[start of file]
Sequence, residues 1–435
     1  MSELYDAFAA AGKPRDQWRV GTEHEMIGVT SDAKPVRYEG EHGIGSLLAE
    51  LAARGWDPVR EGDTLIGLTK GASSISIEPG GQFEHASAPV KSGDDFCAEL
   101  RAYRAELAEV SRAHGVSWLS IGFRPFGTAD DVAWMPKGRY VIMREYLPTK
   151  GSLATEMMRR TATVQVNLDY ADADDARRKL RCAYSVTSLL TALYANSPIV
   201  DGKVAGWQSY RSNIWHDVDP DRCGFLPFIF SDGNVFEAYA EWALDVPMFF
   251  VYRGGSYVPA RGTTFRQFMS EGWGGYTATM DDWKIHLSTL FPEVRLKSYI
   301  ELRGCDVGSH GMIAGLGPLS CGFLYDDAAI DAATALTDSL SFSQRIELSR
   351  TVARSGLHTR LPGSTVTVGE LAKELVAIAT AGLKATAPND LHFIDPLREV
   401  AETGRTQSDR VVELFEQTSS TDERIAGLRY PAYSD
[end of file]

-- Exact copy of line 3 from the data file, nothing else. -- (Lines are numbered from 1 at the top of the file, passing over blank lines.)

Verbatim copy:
    51  LAARGWDPVR EGDTLIGLTK GASSISIEPG GQFEHASAPV KSGDDFCAEL